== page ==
Smart contracts and digital assets are becoming increasingly common in a variety of industries. Nevertheless, is the law ready for them? Following the publication of the Legal statement on the status of cryptoassets and smart contracts by the LawTech Delivery Panel, the Law Commission has launched two projects to analyse how English law can be reformed to accommodate these emerging technologies.
English contract law has developed on the presumption that contracts are written by individuals in ordinary language. Smart contracts, on the other hand, are drafted by a computer code, without the need for human intervention. They can either be in natural language generated through computer code, a hybrid of coded terms and natural language or wholly written in code. These developments raise a number of questions and challenges for English contract law, particularly in relation to what circumstances a contract written in code would be considered legally binding and how they can be interpreted by courts.
The UK Government asked the Law Commission to undertake a study on smart contracts, which will focus on:
- Formation and enforceability;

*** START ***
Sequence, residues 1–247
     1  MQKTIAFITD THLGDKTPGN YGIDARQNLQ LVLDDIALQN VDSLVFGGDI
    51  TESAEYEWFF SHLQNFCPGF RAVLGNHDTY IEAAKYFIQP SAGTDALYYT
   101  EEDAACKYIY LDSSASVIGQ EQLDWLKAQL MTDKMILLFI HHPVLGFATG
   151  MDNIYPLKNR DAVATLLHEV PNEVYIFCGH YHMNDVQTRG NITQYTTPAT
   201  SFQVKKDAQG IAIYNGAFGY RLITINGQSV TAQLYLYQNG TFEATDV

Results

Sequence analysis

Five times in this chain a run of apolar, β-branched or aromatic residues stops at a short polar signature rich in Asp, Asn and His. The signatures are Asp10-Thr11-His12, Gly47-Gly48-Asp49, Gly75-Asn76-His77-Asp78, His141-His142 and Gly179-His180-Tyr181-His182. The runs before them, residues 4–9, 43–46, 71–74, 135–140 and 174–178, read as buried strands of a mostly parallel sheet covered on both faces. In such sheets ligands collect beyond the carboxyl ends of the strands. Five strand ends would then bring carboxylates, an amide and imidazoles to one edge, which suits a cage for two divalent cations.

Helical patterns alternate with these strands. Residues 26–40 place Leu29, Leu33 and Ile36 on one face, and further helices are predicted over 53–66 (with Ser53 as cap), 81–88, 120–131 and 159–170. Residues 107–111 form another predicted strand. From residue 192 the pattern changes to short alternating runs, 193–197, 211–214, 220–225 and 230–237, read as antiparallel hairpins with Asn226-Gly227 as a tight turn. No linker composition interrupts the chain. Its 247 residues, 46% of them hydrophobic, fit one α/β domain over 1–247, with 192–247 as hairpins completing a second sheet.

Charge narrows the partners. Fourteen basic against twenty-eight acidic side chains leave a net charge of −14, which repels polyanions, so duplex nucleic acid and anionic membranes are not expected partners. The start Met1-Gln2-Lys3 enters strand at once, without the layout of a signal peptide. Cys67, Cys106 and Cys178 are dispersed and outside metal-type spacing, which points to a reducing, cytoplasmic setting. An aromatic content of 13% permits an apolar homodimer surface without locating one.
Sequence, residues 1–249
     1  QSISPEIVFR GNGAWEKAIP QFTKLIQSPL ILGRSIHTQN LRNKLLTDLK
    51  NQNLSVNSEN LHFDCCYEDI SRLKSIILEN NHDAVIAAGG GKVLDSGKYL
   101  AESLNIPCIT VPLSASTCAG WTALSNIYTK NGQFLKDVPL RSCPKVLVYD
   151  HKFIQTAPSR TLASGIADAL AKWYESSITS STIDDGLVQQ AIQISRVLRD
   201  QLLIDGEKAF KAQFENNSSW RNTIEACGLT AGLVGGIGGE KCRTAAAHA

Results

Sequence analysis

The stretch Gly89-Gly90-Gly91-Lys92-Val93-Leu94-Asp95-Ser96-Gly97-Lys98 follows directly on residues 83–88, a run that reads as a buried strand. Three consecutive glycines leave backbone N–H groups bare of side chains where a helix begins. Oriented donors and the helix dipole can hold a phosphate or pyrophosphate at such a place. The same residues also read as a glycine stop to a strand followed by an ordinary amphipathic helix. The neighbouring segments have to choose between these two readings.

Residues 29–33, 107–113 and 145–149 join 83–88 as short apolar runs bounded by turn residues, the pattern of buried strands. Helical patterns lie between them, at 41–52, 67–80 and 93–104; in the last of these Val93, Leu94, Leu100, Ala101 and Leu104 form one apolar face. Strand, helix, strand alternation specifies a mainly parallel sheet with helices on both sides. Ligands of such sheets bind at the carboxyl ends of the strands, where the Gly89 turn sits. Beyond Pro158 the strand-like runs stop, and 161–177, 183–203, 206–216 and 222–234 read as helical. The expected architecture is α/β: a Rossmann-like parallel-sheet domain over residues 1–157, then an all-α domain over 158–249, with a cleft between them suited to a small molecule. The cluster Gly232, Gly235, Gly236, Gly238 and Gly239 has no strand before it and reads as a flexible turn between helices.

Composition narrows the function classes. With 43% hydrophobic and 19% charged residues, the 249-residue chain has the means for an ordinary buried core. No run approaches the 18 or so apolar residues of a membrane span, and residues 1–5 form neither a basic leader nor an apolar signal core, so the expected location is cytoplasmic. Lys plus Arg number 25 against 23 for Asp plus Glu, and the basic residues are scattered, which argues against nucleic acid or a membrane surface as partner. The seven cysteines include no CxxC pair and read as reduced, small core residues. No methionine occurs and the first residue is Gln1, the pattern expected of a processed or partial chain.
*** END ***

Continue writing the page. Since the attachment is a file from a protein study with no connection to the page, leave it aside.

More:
- Performance of the contract;
- Remedies; and
- Vitiating factors
The Law Commission will also consider any areas where further work or reform may be required, and provide appropriate suggestions for improvement. The project started in August 2020 and the Law Commission will publish a call for evidence in due course.
The Law Commission has said that “smart contracts, digitised assets and electronic documents promise to revolutionise the way we do business, digitising existing processes and in some cases introducing entirely new concepts. There are, however, lingering uncertainties about whether and how English law can accommodate these.”
The UK Government asked the Law Commission to suggest reforms required to ensure the law can both accommodate cryptoassets and other digital assets in their current form, and allow such assets to flourish in the future.
In the first part of this project, the Law Commission will consider the legal issues around possession, in particular in relation to documents of title, documentary intangibles and negotiable instruments. The Law Commission aims to publish a consultation paper in the first half of 2021.
It will be interesting to see how the Law Commission recommends changes in the law to accommodate both of these rapidly-evolving areas. We will monitor these two projects and provide further updates.